Metaphors of rain and snow would have been well understood by people who knew the importance of it to transform dry land and secure food for next year and well as seed for subsequent crops. It was the difference between life and death and a particularly effective way of describing the ability of God’s word to change their lives and their circumstance.

The poet is not content with just describing reality though. By force of speech, he’s looking to shape a new reality by articulating an alternative, imaginative way of being. The people were in despair because they were under Babylonian control. The poet liberates them to think and act and speak and sing differently. His poetry undermines the authority of the empire and hints at new realities. At first, they are just in the heart and mind of the poet – but they begin to give energy and freedom to a people ready to listen.

Dared to dream

In our Gospel reading, God appears to be either irresponsible or exceedingly generous as he scatters the seeds of redemption even where they seemingly don’t have a hope of sprouting. For Isaiah, the situation in Babylon might have seemed hopeless too – but he dared to dream something different and, ultimately, they did indeed leave their place of exile. Both passages should give us cause to rejoice as well as to be humble at the undeserved grace of the generosity that God shows us in his desire to bless and re-create in our lives.

By harking back to their past, the poet was looking to break the narrative of the Babylonians. The empire had given them different sets of truth and ways of thinking – because a people who are captured are easier to manage and control that way. People become all alike and easily replaceable. Reminding them of the past gave a new sense of their own identity whilst still in the midst of exile.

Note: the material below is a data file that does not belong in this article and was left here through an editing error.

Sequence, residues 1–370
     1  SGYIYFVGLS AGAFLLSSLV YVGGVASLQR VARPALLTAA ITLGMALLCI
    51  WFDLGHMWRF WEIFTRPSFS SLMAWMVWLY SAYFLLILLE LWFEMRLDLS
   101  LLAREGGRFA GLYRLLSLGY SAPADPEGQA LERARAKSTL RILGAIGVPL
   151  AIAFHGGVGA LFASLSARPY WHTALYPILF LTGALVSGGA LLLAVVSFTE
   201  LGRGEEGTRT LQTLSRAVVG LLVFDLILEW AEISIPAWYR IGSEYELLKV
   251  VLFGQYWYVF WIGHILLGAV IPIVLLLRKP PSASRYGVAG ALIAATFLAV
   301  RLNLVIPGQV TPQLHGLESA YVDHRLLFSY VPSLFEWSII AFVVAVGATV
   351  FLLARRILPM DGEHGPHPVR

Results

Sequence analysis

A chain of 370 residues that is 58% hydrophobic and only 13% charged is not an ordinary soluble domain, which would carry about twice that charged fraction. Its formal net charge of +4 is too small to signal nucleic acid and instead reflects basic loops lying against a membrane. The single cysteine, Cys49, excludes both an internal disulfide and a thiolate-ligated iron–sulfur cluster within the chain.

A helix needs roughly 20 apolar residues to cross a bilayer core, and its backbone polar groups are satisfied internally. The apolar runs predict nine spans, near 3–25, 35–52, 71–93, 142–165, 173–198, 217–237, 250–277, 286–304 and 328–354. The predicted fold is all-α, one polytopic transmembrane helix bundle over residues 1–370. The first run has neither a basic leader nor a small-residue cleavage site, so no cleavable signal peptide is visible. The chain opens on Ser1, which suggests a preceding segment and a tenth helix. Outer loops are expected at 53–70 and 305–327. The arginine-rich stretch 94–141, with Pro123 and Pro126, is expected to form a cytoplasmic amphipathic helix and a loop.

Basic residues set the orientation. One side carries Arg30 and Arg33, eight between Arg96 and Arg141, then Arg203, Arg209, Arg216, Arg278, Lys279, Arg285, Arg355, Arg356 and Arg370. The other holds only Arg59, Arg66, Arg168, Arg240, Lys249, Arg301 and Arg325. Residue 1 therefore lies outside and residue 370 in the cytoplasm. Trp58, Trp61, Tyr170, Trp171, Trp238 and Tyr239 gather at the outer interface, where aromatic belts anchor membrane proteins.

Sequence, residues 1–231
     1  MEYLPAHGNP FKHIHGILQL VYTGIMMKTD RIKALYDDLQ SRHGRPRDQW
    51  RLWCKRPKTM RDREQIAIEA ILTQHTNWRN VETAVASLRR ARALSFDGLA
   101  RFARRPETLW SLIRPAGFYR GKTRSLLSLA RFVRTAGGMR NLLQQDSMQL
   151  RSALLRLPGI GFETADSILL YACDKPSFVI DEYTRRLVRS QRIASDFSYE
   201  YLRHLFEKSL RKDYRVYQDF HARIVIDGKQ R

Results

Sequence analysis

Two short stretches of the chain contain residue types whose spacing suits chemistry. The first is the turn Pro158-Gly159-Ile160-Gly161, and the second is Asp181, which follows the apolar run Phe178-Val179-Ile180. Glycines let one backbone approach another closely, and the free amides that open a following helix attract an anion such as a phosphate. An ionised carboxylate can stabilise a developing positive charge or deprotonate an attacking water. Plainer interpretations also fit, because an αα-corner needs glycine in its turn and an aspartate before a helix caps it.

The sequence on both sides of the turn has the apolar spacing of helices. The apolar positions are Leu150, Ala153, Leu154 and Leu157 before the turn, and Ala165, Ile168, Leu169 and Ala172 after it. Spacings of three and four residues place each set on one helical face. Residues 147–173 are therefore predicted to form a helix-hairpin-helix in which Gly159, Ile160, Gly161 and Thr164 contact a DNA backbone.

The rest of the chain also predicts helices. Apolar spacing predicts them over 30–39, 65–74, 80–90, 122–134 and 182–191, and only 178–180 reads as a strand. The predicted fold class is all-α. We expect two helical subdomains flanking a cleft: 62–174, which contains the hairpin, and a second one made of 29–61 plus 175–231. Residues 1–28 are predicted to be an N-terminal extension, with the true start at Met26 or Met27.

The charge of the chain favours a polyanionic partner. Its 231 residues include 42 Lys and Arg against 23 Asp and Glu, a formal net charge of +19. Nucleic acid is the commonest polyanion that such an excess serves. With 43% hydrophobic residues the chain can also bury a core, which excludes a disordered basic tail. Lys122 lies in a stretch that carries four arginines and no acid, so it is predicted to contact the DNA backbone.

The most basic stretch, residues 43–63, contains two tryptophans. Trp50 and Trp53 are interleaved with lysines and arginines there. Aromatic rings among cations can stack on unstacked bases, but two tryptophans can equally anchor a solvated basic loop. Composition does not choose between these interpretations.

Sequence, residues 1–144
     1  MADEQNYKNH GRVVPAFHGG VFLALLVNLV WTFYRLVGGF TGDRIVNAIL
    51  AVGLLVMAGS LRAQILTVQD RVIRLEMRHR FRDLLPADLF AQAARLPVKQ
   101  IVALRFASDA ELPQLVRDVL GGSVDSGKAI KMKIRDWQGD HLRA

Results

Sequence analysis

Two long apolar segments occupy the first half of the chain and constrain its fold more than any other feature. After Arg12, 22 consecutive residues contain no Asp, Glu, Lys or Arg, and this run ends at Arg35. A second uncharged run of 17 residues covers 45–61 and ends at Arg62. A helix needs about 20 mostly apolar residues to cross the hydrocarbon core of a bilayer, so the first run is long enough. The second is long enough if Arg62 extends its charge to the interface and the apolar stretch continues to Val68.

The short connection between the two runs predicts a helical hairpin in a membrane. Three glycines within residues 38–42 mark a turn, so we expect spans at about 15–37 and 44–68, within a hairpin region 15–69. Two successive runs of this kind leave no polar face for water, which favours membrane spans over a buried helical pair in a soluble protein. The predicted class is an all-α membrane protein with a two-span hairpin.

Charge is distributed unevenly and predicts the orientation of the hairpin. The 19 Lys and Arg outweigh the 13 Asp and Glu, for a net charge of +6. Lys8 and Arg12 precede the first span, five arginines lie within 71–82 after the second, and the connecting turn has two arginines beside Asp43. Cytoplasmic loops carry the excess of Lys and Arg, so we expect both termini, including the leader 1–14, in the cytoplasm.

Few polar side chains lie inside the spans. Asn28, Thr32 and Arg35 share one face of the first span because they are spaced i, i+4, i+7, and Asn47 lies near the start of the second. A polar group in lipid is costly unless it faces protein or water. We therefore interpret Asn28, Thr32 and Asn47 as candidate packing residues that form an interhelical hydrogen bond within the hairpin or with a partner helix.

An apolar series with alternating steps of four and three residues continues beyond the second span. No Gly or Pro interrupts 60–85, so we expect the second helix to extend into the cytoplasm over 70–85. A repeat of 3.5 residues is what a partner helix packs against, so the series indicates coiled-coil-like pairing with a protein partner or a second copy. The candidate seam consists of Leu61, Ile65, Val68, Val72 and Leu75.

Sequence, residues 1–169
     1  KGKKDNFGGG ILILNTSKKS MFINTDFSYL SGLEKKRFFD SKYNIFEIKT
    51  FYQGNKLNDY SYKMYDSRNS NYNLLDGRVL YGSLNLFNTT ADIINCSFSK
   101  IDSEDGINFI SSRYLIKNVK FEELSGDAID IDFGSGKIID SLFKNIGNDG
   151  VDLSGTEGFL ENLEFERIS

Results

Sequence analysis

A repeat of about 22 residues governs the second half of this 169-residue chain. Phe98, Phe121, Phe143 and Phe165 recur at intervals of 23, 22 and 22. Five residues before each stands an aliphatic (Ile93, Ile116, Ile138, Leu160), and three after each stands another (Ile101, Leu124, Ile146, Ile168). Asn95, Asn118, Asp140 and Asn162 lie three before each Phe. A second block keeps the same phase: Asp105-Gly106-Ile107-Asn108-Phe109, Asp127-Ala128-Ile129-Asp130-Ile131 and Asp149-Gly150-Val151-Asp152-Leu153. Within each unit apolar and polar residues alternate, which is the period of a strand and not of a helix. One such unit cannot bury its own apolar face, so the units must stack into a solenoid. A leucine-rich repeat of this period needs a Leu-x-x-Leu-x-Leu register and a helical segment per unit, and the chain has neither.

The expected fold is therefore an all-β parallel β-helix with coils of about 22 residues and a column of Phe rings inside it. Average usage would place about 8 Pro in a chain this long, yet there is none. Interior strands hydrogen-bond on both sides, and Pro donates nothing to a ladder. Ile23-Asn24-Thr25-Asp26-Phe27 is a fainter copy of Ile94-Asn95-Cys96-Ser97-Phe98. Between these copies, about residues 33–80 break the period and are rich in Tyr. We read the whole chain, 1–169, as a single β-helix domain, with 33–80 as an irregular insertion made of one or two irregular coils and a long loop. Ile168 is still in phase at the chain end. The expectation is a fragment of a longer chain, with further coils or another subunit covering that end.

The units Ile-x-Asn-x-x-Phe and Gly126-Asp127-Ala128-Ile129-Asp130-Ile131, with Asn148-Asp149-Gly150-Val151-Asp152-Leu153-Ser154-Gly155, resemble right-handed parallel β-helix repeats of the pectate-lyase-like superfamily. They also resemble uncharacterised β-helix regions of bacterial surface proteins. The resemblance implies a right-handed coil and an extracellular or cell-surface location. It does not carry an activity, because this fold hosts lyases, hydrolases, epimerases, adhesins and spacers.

Through the waters

But change can be scary and frightening. We can easily get used to living a certain way, even if it wasn’t our choice in the first place. The poet tells us to fear not. ‘When you pass through the waters I will be with you, and through the rivers, they shall not overwhelm you.’ 43:2 When you pass through the waters, through the danger points, when you are called to give account, you will not be alone. You are not theirs, you are mine.

I hope that we’re not missing the parallels with our own situation:

  • Exile is a sense of not belonging, of living in an environment which has a different set of values.
  • Babylon is wherever power is concentrated and seeks to impose or oppress anyone who thinks differently.
  • Homecoming is a decision to break with what we’ve become used to and embrace a place where our values have credibility.


As we look around, do we sometimes think that we’re exiles in some alien culture? That the society in which we live is obliging us to think and live in ways that we would rather not?

There’s a saying that ‘if you cannot imagine it, you cannot live it.’ If you had a dream, what would your dream be? If you were Isaiah today, what picture would you be painting for others? What prophetic, poetic, imagination would you use to give a vision of a new future for our society, our community – and by the mere act of dreaming it you set something in process, helping to make it a new reality?

Make it happen

For a few weeks we had post-it notes at the back so that we could describe the kind of priest that we wanted next – and hence the kind of church, the kind of people, that we wanted to be. Perhaps we need to start imagining how that future might come about and not just expect someone to deliver it on a plate for us. We’re in interregnum. A time of transition. An in-between time. A time for us to imagine – and, by imagining it, we might just help make it happen.

Oh, and best not to tell the Sunday School that we’ve been doing Peppa Pig whilst they’ve been doing the sower and the seed… Amen

‘Isaiah and Peppa Pig’ was delivered by Ian Banks at St John and St Mark’s on 16th July 2023. It was based on Isaiah 55:10-13 and Matthew 13:1-9, 18-23.